President Obama's poll numbers have been climbing steadily since he stopped compromising in search of a "grand bargain" deficit deal during the summer, and began fighting for jobs. They dropped much of the summer as he struggled to get a deal. At one point, polls showed that a third of independents, and most Democratic-leaning independents, wanted Obama to fight Republicans harder.
He got the message, and it's been good news politically ever since. His strong numbers in the two most recent CNN and ABC/Washington Post polls prove that more Americans realize that it's Republicans who are playing politics with the economy, and who are exclusively serving the interests of the top 1 percent. The climb in Obama's numbers is particularly noteworthy among middle-class and self-described independent voters. Voters now trust the president more than the GOP not only on the issue of jobs, but taxes as well.
Even white men without a college degree, who have been one of the toughest groups for this president to win over, give him higher ratings than they have all year. More than 40 percent approve of the job he's doing, and that number is higher than the share of that demographic group who voted for Obama in 2008. Early this year, only 22 percent of that group approved of the president's job performance, according to a National Journal/Pew Research Center poll.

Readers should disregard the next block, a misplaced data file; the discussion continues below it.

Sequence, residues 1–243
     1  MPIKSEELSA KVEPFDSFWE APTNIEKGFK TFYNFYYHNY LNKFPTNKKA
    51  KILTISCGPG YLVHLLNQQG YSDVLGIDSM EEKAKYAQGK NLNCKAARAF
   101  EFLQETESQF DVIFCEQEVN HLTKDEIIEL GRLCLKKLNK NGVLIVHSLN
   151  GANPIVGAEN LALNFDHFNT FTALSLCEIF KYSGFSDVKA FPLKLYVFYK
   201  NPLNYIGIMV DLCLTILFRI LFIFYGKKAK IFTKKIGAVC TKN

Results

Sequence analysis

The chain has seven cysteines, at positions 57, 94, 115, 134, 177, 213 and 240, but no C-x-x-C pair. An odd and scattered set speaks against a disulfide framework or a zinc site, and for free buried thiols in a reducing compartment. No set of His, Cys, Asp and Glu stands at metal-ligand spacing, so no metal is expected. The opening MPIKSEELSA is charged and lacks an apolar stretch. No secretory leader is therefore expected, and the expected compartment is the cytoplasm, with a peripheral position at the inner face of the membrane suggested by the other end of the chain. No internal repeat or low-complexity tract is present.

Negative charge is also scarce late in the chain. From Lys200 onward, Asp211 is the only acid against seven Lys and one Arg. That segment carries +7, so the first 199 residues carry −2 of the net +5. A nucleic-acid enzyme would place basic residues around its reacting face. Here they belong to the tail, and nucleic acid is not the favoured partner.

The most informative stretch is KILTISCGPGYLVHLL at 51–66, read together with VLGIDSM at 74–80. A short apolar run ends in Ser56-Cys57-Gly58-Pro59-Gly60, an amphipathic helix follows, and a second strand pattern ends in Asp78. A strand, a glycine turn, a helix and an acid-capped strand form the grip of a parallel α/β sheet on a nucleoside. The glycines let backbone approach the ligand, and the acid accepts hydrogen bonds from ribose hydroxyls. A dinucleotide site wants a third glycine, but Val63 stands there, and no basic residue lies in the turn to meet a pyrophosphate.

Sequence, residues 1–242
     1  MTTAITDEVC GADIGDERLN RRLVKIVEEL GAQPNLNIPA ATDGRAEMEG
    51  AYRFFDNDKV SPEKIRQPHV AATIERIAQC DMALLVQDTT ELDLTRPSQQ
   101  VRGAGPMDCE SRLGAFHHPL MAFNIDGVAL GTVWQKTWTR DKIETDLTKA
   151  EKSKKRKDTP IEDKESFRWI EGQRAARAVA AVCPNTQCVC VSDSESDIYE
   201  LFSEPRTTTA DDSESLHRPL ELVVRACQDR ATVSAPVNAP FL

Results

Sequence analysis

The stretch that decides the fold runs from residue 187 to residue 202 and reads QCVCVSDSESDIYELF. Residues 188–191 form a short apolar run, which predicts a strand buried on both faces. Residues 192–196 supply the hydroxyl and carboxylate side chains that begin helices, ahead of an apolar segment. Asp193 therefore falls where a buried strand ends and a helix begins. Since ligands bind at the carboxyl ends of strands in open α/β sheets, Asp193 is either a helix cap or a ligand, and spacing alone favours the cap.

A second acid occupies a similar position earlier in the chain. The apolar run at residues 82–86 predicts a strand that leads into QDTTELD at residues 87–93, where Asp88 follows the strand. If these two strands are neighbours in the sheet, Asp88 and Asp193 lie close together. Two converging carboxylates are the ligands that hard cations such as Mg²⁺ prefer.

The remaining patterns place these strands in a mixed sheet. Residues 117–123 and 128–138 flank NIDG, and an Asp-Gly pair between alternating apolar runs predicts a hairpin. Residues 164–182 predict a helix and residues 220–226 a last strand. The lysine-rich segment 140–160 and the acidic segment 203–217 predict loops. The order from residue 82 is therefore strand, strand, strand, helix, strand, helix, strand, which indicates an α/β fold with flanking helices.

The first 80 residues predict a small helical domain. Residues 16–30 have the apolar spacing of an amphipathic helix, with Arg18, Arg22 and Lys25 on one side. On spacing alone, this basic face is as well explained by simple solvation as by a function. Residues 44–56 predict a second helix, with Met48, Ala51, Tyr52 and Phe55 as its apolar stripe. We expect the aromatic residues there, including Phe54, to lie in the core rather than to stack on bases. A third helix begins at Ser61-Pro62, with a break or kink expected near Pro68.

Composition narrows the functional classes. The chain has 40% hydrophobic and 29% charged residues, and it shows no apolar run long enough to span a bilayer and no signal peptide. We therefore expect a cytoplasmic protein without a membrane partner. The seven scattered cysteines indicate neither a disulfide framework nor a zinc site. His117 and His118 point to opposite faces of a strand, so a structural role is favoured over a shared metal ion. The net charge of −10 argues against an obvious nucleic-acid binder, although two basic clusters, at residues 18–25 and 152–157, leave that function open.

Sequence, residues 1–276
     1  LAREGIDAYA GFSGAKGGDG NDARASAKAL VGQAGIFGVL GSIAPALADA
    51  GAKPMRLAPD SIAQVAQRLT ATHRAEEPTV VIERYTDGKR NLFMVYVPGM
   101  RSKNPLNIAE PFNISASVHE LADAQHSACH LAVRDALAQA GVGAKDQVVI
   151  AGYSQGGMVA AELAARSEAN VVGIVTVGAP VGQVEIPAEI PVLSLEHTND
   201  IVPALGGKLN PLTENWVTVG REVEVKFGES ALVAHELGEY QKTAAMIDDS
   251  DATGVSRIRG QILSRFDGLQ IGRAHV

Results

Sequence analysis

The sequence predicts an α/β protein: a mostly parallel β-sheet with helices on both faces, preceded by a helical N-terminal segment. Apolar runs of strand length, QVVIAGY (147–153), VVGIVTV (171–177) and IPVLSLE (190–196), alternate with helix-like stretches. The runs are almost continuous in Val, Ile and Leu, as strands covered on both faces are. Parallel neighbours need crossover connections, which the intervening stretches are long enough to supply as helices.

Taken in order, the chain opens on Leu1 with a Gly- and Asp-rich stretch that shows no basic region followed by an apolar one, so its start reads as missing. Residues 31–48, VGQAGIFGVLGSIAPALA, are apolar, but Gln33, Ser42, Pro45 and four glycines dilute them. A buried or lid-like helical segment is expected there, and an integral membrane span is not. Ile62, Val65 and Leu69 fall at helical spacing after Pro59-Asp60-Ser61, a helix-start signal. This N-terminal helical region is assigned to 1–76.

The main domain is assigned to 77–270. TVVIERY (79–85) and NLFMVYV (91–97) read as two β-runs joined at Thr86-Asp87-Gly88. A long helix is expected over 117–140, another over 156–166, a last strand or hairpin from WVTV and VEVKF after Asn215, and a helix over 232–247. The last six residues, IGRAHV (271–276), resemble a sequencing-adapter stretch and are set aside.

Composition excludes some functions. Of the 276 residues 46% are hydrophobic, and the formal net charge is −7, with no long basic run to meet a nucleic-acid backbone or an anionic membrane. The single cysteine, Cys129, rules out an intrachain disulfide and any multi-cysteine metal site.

I've written before about the need to move beyond the charge of racism when analyzing the political views of white working-class and non-college-educated voters. (They aren't precisely the same thing, but they're often pretty close.) No doubt racism is part of the president's difficulty with this demographic group, but that's not the whole story, and it's both incorrect and divisive to insist that's the main explanation. The volatility in this group's views of the president reflects its economic vulnerability at least as much as racial or cultural discomfort, and Obama shouldn't give up on them when shaping his 2012 pitch. He may not win a majority, but he shouldn't settle for the 65-35 drubbing Democrats took in 2010. Democrats are fighting for the working and middle class now.
It's also good news that senior citizens are happier with the president. Of course, John McCain won that group in 2008, and a Republican may win white seniors again in 2012. But Obama's climbing approval rating with seniors – they're now about evenly divided between approval and disapproval – ought to show the importance of standing up for Social Security and Medicare, and the political and moral dangers in continuing to crusade for a deficit "grand bargain" that cuts either program. Let's hope the president leaves those ideas behind in 2011.
Obama's stern, sober remarks chiding House GOP radicals indicate he knows he has a winning strategy. Unlike last summer, there was no talk about one last compromise. It takes two parties to compromise, and Obama is done compromising with himself.
Woe is John Boehner. What do you call a leader who can't lead? Mr. Speaker, apparently. He'll have a blue Christmas, for sure. Unfortunately, so will struggling Americans if there isn't a last-minute deal to extend the payroll tax cuts. But Democrats are absolutely right to put an end to compromise at this point. I'll be talking about all these developments on MSNBC's "Politics Nation" with Rev. Al Sharpton at 6 ET.